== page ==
Additionally adding to the trucking capacity crunch is the new Hours of Service rules, specifically the new 34-hour restart provision and its impact on scheduling for some segments, increasing prices for shippers, particularly those who rely on early morning deliveries. The new 30-minute driver rest break may or may not prove to have a significant impact on productivity. Still, there is a possible safety risk if drivers feel compelled to “make up for lost time” after the mandated mid-shift pause. Tightly scheduled routes with multiple deliveries will feel the change more than over-the-road operations. How many drivers actually are going to be back on the road in exactly 30 minutes, and not 45 minutes or more?

Wilson said there are other factors that will require more and more time and resources to effectively manage freight:

•  Money.

Economics remain the most important factor in how carriers evaluate and rate shippers, with carriers indicating market competitive rates and fair fuel surcharges as “critical” or “important” factors.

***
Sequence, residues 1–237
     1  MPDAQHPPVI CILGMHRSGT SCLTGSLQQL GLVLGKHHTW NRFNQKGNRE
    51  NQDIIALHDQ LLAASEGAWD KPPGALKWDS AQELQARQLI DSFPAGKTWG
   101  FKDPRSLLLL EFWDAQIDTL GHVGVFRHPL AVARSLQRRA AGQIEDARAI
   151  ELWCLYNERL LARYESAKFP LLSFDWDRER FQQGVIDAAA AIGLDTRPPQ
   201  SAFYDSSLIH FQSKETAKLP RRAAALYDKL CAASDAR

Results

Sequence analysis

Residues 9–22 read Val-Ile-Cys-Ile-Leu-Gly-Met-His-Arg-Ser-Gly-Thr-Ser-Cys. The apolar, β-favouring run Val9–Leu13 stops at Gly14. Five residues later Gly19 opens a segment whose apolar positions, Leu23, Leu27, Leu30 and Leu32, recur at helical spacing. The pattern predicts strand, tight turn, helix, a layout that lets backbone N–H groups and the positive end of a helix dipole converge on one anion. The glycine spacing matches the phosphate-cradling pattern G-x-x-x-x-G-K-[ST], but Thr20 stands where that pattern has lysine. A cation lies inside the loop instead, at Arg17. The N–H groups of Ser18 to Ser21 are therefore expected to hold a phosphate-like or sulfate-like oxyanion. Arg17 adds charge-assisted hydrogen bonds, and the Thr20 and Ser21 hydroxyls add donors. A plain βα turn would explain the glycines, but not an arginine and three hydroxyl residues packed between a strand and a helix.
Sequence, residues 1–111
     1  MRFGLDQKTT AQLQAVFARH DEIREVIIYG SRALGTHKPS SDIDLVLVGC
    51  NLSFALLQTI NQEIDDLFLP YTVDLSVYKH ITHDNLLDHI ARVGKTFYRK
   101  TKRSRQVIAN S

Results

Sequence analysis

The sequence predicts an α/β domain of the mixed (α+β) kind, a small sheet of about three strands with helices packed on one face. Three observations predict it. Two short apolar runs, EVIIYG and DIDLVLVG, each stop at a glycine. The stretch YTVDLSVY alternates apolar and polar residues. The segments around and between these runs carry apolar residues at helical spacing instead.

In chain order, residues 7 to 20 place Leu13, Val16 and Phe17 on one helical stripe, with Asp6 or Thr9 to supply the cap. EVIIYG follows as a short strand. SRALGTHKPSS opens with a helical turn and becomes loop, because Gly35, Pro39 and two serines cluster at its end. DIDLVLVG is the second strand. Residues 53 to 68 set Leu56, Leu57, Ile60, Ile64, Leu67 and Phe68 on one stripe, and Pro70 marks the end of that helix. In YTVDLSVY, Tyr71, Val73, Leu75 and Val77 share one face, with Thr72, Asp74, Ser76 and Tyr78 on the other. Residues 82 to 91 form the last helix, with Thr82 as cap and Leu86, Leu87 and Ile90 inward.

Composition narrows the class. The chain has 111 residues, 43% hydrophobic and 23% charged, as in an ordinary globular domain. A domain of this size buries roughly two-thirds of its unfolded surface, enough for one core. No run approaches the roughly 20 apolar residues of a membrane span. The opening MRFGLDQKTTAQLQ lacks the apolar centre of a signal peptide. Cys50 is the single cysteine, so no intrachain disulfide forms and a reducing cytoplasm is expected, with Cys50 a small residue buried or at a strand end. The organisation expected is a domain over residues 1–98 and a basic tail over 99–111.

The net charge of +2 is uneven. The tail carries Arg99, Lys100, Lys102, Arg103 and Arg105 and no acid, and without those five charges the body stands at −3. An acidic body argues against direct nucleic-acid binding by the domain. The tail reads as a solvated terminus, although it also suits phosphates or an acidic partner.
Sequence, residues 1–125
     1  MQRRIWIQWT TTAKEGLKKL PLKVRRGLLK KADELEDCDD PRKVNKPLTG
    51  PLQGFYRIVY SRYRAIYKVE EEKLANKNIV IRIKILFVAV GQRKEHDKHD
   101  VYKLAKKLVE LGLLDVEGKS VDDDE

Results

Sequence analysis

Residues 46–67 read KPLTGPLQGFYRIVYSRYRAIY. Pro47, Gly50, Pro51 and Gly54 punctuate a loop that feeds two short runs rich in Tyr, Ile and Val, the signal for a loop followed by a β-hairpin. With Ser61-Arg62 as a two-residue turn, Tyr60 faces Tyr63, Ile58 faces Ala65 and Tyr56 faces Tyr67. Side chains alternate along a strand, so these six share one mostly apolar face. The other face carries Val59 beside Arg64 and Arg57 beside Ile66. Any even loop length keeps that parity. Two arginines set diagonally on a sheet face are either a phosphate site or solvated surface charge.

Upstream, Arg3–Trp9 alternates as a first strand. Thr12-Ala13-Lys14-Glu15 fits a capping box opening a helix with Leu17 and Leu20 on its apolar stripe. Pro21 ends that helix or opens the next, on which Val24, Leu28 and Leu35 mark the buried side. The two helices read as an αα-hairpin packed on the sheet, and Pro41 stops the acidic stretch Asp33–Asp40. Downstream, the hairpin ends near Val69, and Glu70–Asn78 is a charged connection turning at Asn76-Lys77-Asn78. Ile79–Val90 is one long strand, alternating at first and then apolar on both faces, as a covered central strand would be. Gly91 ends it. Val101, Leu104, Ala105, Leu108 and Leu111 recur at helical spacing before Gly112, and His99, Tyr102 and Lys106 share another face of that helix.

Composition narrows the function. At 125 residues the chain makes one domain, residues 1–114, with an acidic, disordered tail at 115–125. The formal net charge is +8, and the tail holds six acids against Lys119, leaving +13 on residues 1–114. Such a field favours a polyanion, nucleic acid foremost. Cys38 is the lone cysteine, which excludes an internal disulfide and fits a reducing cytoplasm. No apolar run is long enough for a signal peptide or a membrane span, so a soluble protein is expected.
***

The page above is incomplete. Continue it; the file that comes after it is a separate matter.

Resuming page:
Payment was also a key area for many carriers ranking it as a “major factor” and considering it “important but not critical.” 30 day payment terms are considered acceptable by the majority of carriers and paying in less than 30 days would really differentiate a shipper. Volume potential and positive credit rating were also consistently rated as a major factor.

  Overall productivity and efficacy on the shipper and carrier side.

Driver productivity is continuing to be a focus for carriers and one of the most critical factors in shipper freight profiles or practices. Carriers consider dwell time as an “important” or “critical” factor in determining the preference status of a shipper. In-transit delays are also a major and important factor. The ability to use drop trailers, shipper load count and type of freight are also key factors in efficacy.

Carriers rank driver-friendly practices highest based on those that enhance driver productivity, such as onsite parking and available restrooms for drivers. Regular updates on loading and unloading status and a guard shack for drivers to receive instructions are also high on the list.

•  The FTR Shippers Condition Index and the outlook seem bleak for rest of the year.